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Should you be reaching for yield with your fixed income?

March 11, 2011 - 0 comments

In the pages of Berkshire’s 2010 Letter to Shareholders, Warren Buffett doesn’t seem to think so, as he agrees with Ray DeVoe’s observation regarding investment yield:

“More money has been lost reaching for yield than at the point of a gun.”

How are portfolio managers able to obtain higher fixed income yields (relative to a benchmark, such as the DEX Universe Bond Index) in this low interest rate environment?  Dimensional Fund Advisors (DFA), a mutual fund company with Canadian operations in Vancouver, BC, would argue that markets are efficient;  no investor can expect greater returns without bearing greater risk.

DFA’s fixed income investment philosophy focuses on two risk factors that have historically been shown to increase returns over the long term:

1. Maturity Risk – Longer term bonds are riskier than shorter term bonds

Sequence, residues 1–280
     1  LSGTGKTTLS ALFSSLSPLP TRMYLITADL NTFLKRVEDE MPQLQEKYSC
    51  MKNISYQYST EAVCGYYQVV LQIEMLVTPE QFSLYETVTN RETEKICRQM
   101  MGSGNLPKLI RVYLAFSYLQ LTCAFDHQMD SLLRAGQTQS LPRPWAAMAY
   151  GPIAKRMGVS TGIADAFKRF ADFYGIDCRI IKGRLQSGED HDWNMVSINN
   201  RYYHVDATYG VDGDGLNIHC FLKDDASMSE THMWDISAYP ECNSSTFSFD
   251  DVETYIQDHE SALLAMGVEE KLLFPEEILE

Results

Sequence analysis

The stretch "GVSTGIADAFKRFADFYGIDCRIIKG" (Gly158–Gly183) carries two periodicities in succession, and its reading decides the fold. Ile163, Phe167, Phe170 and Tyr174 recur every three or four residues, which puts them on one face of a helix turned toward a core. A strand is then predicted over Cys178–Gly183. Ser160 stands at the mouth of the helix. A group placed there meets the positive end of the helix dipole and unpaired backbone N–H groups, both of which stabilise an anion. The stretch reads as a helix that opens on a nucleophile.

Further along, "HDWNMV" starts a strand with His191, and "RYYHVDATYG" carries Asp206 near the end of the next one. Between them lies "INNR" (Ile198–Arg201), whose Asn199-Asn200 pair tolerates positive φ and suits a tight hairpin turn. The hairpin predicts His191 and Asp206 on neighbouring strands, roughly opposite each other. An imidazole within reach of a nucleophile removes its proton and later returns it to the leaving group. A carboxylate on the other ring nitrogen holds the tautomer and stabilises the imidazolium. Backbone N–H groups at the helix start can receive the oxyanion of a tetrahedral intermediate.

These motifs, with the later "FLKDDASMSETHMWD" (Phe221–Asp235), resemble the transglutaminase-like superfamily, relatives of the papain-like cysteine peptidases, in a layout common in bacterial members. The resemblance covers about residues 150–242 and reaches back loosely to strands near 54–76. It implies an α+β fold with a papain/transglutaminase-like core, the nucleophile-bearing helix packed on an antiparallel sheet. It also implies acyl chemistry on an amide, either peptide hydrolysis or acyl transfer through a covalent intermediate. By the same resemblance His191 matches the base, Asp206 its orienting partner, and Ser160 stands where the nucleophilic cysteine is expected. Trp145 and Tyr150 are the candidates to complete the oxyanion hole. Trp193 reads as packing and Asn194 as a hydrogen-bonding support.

2. Default Risk – Bonds with lower credit ratings are riskier than bonds with higher credit ratings

By comparing a bond fund to an appropriate benchmark, an investor can gain a better understanding of the maturity and default risks that the portfolio manager is taking on. 

In Chart 1.1 below, the maturity breakdown for the RBC Bond Fund is compared to the iShares DEX Universe Bond Fund (the closest investable proxy to the DEX Universe Bond Index).  As can be seen, the RBC Bond Fund has underweighted shorter term bonds in favour of medium term and longer term bonds, relative to the iShares DEX Universe Bond Fund (increasing the fund’s maturity risk).

In Chart 1.2 below, the credit quality breakdown shows the RBC Bond Fund underweighting the highest quality bonds in favour of lower quality bonds, including a 6.1% allocation to high yield “junk” bonds, relative to the iShares DEX Universe Bond Fund (increasing the fund’s default risk).

The increased maturity and default risk in the RBC Bond Fund resulted in lower relative returns in the market downturn of 2008, but higher returns in the market recovery of 2009 and 2010 (see Chart 1.3 below).

For investors reaching for those higher yields (and willing to accept the increased risk), overweighting bonds with longer term maturities and lower credit qualities may be appropriate.  However, for investors (like Buffett) who choose to take most of their risk in equities, they should consider investing their fixed income in shorter term, higher quality bonds (and sleep better at night).


By: Justin Bender with 0 comments.
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